Professional Soccer Finally Arrives In America | Teen Ink

Professional Soccer Finally Arrives In America MAG

By Anonymous

   Ever since the festival that was World Cup '94, there has been a craving by soccer fans across the country for a premier soccer league. This has finally been fulfilled with the start of Major League Soccer. There are ten teams playing in two divisions, eight of which compete in playoffs to reach the championship game in Foxboro, Massachusetts, home of the New England Revolution. The four teams in the Eastern Division who compete against the Revolution are the Columbus Crew, Washington DC United, New York/New Jersey Metrostars, and the Tampa Bay Mutiny. The Western Division will consist of the Dallas Burn, Colorado Rapids, Kansas City Wiz, Los Angeles Galaxy and the San Jos" Clash.

This league has been bashed by soccer critics who feel that the American populous will not catch onto this great game which is nearly a worldwide religion. These critics have been silenced for the time being with the average attendance at the MLS home-openers at 31,000. Another crack by critics is that there is not enough home-grown talent to support a professional league. These critics refer to the demise in the early '80s of the North American Soccer League which depended almost entirely on imported talent. The critics have again been proven wrong with Brian McBride (Columbus Crew) and Rob Ukrop (New England Revolution), both of whom have a two-goal game this season and are American-born.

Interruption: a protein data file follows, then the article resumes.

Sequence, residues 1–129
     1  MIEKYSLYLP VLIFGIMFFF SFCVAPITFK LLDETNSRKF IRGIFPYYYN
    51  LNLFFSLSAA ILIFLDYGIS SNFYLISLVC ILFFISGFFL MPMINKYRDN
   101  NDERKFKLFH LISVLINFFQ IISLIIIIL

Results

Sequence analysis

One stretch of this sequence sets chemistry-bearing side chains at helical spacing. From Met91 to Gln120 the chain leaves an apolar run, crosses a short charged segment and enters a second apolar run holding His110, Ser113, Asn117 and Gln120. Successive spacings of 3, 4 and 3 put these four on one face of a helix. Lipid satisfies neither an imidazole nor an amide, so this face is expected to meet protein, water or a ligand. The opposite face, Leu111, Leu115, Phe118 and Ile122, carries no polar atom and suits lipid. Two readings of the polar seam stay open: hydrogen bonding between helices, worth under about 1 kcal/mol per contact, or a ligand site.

Besides these stars, there are many international players including Roberto Donadonai of Italy (and NY/NJ), and just recently of AC Milan of Italy's Serie A, Carlos Valderrama of Colombia (and Tampa Bay), and the ecstatic Mexican and Los Angeles goalkeeper/forward Jorge Campos. There are also many American National team players who now play in their homeland, including Alexi Lalas and Mike Burns (New England), Tab Ramos (NY/NJ), John Harkes and Jeff Agoos (Washington DC.), and a number of others.

With rising stars and experienced international players, this league is clearly headed in the right direction at the right time. If it continues on this path, it could become as big as the premier leagues of Italy, Spain, and England. Whatever happens, this league is truly a breath of fresh air. l

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